CMS Makes Changes to Hospice Cost Report

By Ted Cuppett, CPA, Director of The Health Group. On February 25, 2022, the Centers for Medicare & Medicaid Services (CMS) revised the Hospice Cost & Data Report (Transmittal R5P243i) to add a new non-reimbursable cost center to accumulate costs associated with suicide accomplished with aid of a physician in those states that allow assisted…

CMS Makes Changes to Hospice Cost Report

By Ted Cuppett, CPA, Director of The Health Group.

On February 25, 2022, the Centers for Medicare & Medicaid Services (CMS) revised the Hospice Cost & Data Report (Transmittal R5P243i) to add a new non-reimbursable cost center to accumulate costs associated with suicide accomplished with aid of a physician in those states that allow assisted suicide.

In accordance with federal law, funds cannot be used to provide or pay for any health care item, service, or health benefit coverage for the purpose of causing, or assisting to cause, the death of an individual including mercy killing, euthanasia, or assisted suicide.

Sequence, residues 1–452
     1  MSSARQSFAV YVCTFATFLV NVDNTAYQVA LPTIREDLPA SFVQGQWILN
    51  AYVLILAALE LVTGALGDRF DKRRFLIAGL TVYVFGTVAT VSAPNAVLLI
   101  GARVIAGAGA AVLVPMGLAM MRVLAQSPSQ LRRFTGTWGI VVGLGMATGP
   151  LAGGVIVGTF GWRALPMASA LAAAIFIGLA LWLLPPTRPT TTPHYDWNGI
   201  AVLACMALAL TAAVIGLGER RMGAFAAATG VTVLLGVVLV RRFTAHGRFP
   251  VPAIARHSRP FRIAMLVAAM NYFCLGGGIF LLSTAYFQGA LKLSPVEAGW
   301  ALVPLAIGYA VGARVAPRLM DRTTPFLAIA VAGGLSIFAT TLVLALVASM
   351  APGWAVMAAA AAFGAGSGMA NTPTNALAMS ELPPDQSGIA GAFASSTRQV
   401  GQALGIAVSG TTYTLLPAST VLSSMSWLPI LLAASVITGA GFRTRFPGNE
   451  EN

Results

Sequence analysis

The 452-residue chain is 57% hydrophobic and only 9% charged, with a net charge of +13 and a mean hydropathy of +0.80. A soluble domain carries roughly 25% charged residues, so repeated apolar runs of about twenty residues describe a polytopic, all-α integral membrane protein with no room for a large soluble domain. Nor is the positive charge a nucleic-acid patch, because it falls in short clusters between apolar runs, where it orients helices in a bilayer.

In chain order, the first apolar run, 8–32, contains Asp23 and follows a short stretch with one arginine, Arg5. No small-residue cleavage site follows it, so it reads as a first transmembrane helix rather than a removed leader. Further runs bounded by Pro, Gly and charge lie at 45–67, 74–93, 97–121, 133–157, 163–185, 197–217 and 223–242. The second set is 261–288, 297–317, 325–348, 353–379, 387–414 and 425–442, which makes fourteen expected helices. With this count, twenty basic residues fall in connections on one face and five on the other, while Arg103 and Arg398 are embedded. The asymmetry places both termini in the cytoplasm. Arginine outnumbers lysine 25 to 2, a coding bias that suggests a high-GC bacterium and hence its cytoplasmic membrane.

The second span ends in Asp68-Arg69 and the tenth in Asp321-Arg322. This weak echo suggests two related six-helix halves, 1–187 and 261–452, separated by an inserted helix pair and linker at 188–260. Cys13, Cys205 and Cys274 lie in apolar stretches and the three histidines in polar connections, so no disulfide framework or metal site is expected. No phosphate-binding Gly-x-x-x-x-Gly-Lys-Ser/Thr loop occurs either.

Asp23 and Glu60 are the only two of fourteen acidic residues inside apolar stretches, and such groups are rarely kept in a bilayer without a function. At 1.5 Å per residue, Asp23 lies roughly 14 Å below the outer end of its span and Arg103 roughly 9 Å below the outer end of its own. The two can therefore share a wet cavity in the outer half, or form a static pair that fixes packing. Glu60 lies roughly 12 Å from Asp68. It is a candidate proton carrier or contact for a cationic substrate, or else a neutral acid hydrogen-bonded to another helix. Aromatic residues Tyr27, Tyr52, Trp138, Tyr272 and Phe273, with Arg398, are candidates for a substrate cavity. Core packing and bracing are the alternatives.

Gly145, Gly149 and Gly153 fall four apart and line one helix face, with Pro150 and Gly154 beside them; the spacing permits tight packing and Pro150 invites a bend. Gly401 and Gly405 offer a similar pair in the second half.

These costs, where incurred, must be segregated and reported in the new cost center for cost reporting years ending on or after February 28, 2022. Because these costs are non-reimbursable, they should be excluded from allowable costs on cost reports for earlier reporting periods even though a separate cost center was not provided on the cost report.

The following states, and Washington D.C., have authorized medical aid in dying:

  • Oregon
  • Washington
  • Montana
  • Vermont
  • California
  • Colorado
  • Hawaii
  • New Jersey
  • Maine
  • New Mexico

Additionally, hospices are not required to separately report Volunteer Coordination costs during the period of the Public Health Emergency. The volunteer coordination requirements under the Conditions of Participation have been temporarily waived. The Health Group recommends that hospices continue to report Volunteer Coordination costs as incurred, even though the requirement has been waived.